Canal du Nord
The Battle of the Canal du Nord, 27 September – 1 October 1918
In the last week of September 1918 four separate major Allied offensives were launched on the Western Front with the aim of finishing the war before the winter. In the second of these attacks the British First and Third Armies were to drive across the northern extension of the Hindenburg Line, towards Cambrai. The operation was a logical consequence Canadian success at Drocourt-Quéant and once again the Canadian Corps was given a principal role in the renewed offensive. The task of crossing the formidable obstacle of the Canal du Nord required the most careful planning and precisely organised artillery and engineer support underpinned the success of the attack.
At 5.20am, on Friday 27 September, following a night of heavy rain, assault troops of the Canadian 4th and 1st Divisions left their cramped assembly positions and attacked on a narrow front (centred on Sains-lez-Marquion) behind a devastating creeping barrage; Third Army’s infantry, immediately to the right (south) advanced simultaneously. With dense clouds of smoke blowing towards the enemy lines the leading Canadian assault troops, assisted by tanks, quickly crossed the canal; Royal Engineers immediately began bridging operations to speed troops, guns and supplies over the captured barrier for the next forward moves; the Marquion Line was passed later that morning and following much fierce fighting, the high ground of Bourlon Wood was in Canadian hands by nightfall; good progress was also made by Third Army. Attacks were renewed next day; though Canadian progress slowed, Third Army forces captured Noyelles, Marcoing, and Gouzeaucourt, and seriously threatened Cambrai.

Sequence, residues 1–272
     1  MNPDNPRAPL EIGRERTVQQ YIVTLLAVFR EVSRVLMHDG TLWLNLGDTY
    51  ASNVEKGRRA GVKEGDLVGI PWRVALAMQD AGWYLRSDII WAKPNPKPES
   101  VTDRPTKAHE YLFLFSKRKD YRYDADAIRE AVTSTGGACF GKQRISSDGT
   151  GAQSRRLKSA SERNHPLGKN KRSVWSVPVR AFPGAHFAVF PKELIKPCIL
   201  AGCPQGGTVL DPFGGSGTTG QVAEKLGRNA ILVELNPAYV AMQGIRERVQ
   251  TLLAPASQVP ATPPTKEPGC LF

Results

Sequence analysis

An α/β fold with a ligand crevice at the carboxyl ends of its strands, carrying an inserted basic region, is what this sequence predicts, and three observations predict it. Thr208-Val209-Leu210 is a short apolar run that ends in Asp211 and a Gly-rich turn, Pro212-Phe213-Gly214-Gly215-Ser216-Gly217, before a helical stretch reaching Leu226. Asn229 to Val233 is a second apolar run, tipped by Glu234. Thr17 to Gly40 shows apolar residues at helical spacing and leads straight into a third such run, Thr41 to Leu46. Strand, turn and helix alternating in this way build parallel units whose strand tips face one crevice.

In two days an advance of six miles was made on a twelve mile front; 10,000 enemy prisoners and 200 guns were taken. This spectacular success represented a vital preliminary to Fourth Army’s attack on the Hindenburg Line scheduled for 29 September.
Campaign map Army Structure Terminology